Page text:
I work in social media full-time during the day and my heart is in what I do – I love social media and really feel it is an integral part of business success. I also run this blog and a social media business. (And of course, then there are the cupcakes…) I really believe that in today’s digitally-influenced world, you have to have a social media presence that adequately represents your business’s identity. But how do you do that?
A lot of people will talk about investing into your business. My suggestions on what to initially invest in are easy and obvious: Invest in a clean, quality logo. Invest in a well-designed blog. Invest in a good host and keep an arsenal of contacts who you can call if you run into a design tweak issue or security problem later on.
Most people will agree on those things, but then you’ll find peoples’ feelings diverge from here.
For example, this morning I was involved in a sometimes heated discussion about blog conferences. There’s a hot one that’s selling tickets right now and a lot of bloggers are going. I’m not – at least not yet – and I’m okay with it. The group was rather down the middle, with half going and half not. The reasons were varied, with those who had already purchased tickets ranging from “I want to be taken seriously as a blogger” to “I want to be seen at this conference, that’s worth the cost alone. Those who can’t go or are undecided were a bit taken aback, as the implications were that they weren’t taking themselves seriously as a blogger or that they weren’t spending their time/money wisely. As one of those undecided people, I wasn’t offended because there was no malice intended, but I totally get it why there was some level of insult; the implications being discussed couldn’t have been further from the truth.
If you ask bloggers to give you an honest answer, a lot will tell you that the ticket price is a problem. It’s not that it’s too high; it’s just that there are other priorities, and putting them on the spot to explain is a place no one wants to be. I personally don’t feel like saying that no, $500 is not in my budget this month, but that’s the reality. Does that make me less serious of a blogger? Does that mean I don’t want to network with the right people? Not at all. It just means I have to put my money elsewhere right now, and that could be a new camera lens or a business license or $2100 on a new rear-end for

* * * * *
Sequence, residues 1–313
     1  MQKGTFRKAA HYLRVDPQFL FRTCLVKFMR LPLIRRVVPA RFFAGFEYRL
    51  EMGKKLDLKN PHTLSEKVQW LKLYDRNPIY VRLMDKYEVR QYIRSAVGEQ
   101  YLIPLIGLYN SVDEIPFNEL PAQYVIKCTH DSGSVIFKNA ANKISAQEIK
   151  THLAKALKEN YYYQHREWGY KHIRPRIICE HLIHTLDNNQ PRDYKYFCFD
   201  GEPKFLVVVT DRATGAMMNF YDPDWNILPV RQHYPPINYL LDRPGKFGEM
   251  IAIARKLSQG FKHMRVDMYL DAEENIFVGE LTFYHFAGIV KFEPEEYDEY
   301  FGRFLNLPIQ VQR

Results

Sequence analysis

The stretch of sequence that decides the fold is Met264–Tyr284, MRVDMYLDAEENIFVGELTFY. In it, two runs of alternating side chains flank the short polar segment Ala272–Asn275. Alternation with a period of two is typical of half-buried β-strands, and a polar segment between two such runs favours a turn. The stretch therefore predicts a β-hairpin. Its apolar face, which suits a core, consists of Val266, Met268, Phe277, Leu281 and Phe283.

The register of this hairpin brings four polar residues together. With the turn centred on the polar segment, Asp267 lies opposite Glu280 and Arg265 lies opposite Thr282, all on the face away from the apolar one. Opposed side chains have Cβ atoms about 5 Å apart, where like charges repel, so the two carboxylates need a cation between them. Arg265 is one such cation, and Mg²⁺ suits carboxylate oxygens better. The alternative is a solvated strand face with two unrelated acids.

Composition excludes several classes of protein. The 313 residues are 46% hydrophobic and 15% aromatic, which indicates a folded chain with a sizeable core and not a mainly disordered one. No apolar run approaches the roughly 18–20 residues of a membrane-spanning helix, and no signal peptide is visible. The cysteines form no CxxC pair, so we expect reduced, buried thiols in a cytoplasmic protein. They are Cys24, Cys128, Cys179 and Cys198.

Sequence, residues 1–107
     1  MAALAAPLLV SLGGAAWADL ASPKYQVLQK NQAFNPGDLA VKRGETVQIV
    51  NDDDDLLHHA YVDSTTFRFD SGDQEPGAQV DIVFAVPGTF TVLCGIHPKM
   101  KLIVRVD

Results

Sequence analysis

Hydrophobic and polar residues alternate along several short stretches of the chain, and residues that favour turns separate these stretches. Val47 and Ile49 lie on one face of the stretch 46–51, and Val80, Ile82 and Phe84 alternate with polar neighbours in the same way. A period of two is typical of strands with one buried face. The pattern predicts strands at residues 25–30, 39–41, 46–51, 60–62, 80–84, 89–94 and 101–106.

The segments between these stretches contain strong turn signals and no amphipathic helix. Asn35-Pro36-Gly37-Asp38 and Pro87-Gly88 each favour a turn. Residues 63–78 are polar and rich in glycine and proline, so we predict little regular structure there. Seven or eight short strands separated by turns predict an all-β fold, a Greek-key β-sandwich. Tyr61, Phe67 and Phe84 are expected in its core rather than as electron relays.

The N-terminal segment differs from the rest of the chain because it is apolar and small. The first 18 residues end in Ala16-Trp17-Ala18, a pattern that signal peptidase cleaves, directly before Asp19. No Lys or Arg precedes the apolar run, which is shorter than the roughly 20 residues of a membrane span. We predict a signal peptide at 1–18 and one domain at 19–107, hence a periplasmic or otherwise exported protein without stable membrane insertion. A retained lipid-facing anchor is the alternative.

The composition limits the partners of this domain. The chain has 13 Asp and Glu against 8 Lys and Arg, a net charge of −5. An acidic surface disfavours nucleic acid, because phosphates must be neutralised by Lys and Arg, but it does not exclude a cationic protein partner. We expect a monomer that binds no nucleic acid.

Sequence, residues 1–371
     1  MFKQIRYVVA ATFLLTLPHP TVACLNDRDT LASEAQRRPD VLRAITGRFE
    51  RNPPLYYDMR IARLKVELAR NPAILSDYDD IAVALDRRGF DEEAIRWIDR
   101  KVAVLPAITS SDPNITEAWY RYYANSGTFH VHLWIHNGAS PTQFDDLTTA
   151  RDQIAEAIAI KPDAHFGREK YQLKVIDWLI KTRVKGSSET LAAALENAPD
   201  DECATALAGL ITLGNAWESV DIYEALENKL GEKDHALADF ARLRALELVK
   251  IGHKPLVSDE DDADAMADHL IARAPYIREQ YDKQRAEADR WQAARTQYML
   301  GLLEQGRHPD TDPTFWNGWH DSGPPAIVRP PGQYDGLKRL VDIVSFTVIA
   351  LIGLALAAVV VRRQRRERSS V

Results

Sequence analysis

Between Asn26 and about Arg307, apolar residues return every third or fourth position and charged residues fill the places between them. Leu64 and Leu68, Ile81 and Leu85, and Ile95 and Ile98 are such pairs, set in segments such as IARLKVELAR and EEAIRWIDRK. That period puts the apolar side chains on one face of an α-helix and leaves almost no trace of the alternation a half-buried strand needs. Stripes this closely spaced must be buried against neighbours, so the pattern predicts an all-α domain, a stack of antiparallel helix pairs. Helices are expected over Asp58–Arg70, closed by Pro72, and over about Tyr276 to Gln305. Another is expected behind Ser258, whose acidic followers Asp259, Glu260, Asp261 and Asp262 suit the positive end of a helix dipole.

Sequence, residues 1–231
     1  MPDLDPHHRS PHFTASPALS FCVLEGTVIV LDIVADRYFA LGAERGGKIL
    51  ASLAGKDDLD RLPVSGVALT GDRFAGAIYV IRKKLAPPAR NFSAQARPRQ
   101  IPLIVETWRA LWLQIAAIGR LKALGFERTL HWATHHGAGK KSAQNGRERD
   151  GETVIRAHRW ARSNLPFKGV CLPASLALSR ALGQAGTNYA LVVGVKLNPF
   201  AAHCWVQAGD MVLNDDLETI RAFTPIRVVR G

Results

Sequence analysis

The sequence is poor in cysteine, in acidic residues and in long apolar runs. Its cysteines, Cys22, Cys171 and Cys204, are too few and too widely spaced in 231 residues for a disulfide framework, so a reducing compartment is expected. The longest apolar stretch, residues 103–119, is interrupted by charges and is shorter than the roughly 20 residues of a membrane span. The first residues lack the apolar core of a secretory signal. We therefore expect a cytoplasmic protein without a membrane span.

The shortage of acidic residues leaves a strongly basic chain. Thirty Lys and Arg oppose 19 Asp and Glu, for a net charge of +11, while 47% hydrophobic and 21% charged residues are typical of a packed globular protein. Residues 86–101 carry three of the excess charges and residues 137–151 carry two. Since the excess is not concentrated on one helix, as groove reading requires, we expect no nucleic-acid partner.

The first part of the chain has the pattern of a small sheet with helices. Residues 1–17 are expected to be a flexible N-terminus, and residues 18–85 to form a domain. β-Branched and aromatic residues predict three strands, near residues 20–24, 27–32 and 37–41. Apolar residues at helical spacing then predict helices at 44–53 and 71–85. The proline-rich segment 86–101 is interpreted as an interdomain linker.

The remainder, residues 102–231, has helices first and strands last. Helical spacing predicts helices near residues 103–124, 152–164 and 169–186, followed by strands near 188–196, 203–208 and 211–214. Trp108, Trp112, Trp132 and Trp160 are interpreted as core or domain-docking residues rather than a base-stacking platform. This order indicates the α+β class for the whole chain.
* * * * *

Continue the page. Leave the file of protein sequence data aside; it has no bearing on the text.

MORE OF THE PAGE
my the car. (True story, Bro.)
The list of conferences is long, with so many wonderful choices that I can’t possibly get to every single one of them. I am a professional blogger, but I’m also a mother, a wife, and an employee. Those three roles alone give me depth to my life, and they provide me many of the experiences and topics on which I write. To not have the time for those that I want, or need, is not really an option. But I digress.
Other investments in our blog business that come up are all over the map and not everyone will give you the same short-list that I’ve written below. (In fact, the discussion I was involved in was so varied, I can’t even remember everything that came up!) I will say that the domain vs. free blog topic also got a bit heated but I can only do one hot topic per post or my head will explode.
Online classes: love these! Some are free, some cost, but many offer ebooks that are so worth it. This leads me to one of my personal things, books. I buy way too many – in all genres – but there are some standout social media and marketing books that I’d recommend to anyone who wants to invest in growing their blog or online business presence.
Business cards: quality if important, but so is creativity. You want it to stand out but yet to showcase you and your business. You also want it to be easy to hold and store.